Published: Nov. 4, 2019

A new study about  the outcome of a nuclear war between India and Pakistan was released recently. An article in CU Boulder Today interviews Owen Toon, who works at the Laboratory of Atmospheric and Space Physics.

Toon first presented his research on the subject at the Center for Asian Studies Catastrophic Asia symposium and it was subsequently published in the Journal of Asian Studies.

In Daniel Strain's article, Toon talks about his research: 

“An India-Pakistan war could double the normal death rate in the world,” said Toon, a professor in the Laboratory of Atmospheric and Space Physics (LASP). “This is a war that would have no precedent in human experience.”

“They’re rapidly building up their arsenals,” Toon said. “They have huge populations, so lots of people are threatened by these arsenals, and then there’s the unresolved conflict over Kashmir.”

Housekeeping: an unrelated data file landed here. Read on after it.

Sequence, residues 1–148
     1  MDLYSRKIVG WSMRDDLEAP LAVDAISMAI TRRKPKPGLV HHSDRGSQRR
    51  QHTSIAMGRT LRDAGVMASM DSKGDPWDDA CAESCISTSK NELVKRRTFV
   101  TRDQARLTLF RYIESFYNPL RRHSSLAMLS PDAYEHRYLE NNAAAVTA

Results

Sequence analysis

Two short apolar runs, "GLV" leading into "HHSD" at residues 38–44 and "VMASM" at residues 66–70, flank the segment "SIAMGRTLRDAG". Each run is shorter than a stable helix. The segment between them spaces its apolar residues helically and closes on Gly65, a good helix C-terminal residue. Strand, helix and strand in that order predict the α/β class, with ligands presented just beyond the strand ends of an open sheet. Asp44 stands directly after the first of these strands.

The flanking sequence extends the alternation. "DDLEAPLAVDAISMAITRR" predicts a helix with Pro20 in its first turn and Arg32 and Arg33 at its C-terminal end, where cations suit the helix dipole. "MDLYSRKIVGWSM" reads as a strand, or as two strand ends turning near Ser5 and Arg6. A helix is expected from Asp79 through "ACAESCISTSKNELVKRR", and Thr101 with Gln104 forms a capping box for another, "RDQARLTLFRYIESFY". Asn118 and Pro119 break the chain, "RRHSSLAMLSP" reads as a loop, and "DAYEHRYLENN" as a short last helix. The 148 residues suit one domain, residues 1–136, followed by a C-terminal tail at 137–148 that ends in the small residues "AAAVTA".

In his latest study, he and his colleagues wanted to find out just how bad such a conflict could get. To do that, the team drew on a wide range of evidence, from computer simulations of Earth’s atmosphere to accounts of the bombings of Hiroshima and Nagasaki in Japan in 1945.

Based on their analysis, the devastation would come in several stages. In the first week of the conflict, the group reports that India and Pakistan combined could successfully detonate about 250 nuclear warheads over each other’s cities. 

There’s no way to know how powerful these weapons would be—neither nation has conducted nuclear tests in decades—but the researchers estimated that each one could kill as many as 700,000 people.

Read the full article here.